Summer School
23 Jul 2024 – 26 Jul 2024

Aesthetic Possibilities: Literature, Rhetoric, Philosophy

Venue: Universität Köln, Erich Auerbach Institute for Advanced Studies

Berkeley-Köln-Yale Summer School Aesthetic Possibilities: Literature, Rhetoric, Philosophy on “Scripture – Number – Image: Literature and Forms of Notation”, 23–26 Jul 2024

Relations between scriptural signs and other forms of notation have been a topic in the study of literature for a while. They did so already before the current debates about digital humanities, the role of algorithms, digital formats of literature, literature and AI, and the so-called “end of the book” have started to give a new shape to the discussion.

The interest in different practices and forms of notation can be followed along several lines. Often, questions focus on how traditional literary texts contain non-scriptural forms, numbers, and images. Beyond that, the very distinction between scripture, number, and image can be questioned. Not all languages draw such a distinction along the same lines, and, to take just one recent example, Derrida’s notion of scripture problematizes the very distinction between scripture, image, and number. In addition, recent theories of scripture focus on the independence from spoken language and on the pictorial character of the operations in question.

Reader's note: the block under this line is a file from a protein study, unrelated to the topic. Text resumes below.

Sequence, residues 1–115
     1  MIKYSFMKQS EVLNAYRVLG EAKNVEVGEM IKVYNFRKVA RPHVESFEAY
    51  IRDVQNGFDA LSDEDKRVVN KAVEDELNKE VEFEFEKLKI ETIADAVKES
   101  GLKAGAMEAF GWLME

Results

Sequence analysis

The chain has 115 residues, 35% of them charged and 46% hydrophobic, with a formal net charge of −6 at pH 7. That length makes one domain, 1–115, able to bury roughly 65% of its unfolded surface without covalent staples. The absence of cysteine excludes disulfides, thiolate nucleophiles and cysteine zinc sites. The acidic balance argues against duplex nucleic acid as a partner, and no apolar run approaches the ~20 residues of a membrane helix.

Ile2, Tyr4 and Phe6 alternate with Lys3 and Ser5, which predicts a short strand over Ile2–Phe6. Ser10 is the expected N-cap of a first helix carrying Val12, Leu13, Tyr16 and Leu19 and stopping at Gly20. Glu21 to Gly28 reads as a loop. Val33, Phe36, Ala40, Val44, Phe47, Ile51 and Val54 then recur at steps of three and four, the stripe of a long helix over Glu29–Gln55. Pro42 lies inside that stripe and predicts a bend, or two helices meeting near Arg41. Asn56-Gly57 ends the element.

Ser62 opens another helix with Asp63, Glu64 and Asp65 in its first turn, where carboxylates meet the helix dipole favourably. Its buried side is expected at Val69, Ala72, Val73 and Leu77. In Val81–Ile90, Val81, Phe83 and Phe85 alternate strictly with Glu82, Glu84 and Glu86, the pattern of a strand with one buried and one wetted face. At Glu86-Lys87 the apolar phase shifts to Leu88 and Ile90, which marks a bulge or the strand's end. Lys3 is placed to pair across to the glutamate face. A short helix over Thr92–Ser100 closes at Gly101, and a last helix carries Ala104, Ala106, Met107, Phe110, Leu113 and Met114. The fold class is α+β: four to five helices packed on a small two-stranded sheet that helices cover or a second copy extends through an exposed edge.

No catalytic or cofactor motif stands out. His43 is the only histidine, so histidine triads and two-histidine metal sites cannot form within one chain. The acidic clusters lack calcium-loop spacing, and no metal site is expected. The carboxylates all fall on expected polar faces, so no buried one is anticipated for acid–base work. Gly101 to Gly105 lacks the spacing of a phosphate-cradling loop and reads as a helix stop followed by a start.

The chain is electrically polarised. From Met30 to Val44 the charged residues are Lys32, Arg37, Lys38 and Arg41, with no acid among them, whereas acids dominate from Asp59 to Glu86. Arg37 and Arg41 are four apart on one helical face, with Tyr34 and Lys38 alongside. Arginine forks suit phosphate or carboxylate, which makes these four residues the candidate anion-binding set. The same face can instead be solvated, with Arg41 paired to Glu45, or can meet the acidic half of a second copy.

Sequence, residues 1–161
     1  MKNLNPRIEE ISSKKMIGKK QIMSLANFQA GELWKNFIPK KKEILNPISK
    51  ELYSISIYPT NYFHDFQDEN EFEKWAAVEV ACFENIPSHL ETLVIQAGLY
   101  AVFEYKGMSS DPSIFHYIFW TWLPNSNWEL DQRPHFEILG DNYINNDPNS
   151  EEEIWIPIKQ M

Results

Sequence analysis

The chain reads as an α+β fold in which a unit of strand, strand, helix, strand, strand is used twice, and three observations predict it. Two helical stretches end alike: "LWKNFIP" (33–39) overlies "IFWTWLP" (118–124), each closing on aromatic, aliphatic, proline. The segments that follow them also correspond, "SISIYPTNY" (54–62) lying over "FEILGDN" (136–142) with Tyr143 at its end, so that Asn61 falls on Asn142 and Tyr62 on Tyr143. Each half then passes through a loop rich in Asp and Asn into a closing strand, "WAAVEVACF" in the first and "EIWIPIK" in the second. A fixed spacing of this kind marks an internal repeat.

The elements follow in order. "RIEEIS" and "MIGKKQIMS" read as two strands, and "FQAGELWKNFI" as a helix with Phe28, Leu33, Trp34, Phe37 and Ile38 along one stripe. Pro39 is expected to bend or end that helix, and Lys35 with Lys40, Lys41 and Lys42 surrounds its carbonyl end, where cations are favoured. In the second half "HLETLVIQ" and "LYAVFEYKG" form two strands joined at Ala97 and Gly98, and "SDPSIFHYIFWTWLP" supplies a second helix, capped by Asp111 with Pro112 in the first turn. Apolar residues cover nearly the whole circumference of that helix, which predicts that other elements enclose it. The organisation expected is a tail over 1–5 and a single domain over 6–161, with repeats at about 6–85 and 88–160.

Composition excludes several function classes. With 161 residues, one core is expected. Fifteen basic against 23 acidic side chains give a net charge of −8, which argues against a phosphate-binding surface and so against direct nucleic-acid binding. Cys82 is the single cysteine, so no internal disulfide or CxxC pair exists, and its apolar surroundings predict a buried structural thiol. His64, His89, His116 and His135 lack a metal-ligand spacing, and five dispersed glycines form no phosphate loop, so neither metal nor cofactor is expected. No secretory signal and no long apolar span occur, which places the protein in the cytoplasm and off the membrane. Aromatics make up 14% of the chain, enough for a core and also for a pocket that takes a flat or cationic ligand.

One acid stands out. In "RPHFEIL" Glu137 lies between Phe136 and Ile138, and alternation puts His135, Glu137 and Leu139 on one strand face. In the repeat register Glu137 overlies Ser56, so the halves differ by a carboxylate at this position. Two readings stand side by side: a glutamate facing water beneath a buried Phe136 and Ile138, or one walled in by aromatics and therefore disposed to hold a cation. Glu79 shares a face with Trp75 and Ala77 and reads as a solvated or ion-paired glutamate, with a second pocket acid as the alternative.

Speaking historically, we often observe relations of competition or translation between literature and other discourses (mathematics, economy, bureaucracy, etc.). Thus, discussions on methodology in early statistics focus on narrative versus numerical models; in its entire history, geometry is shaped by parallel forms of and relations between figures, numbers, and texts; and in The Capital, Marx uses both mathematical formulas and narrative as well as conceptual translations. Many other examples could be added, particularly with regard to the hybrid forms of scripture, number, and image in the uses of diagrams, illustration, cartographic representations, lists, and schematic representations—and the forms in which they emerge in literature.

Academic Staff: Rüdiger Campe (Yale University), Eva Geulen (ZfL), Niklaus Largier (UC Berkeley), Anja Lemke (Universität zu Köln)

The literary scholar Eva Geulen is the Director of the ZfL, executive board member of the Centers for Advanced Studies in the Humanities Berlin, and Professor for European Culture and the History of Knowledge at the Institute for Cultural History and Theory of the Humboldt University of Berlin.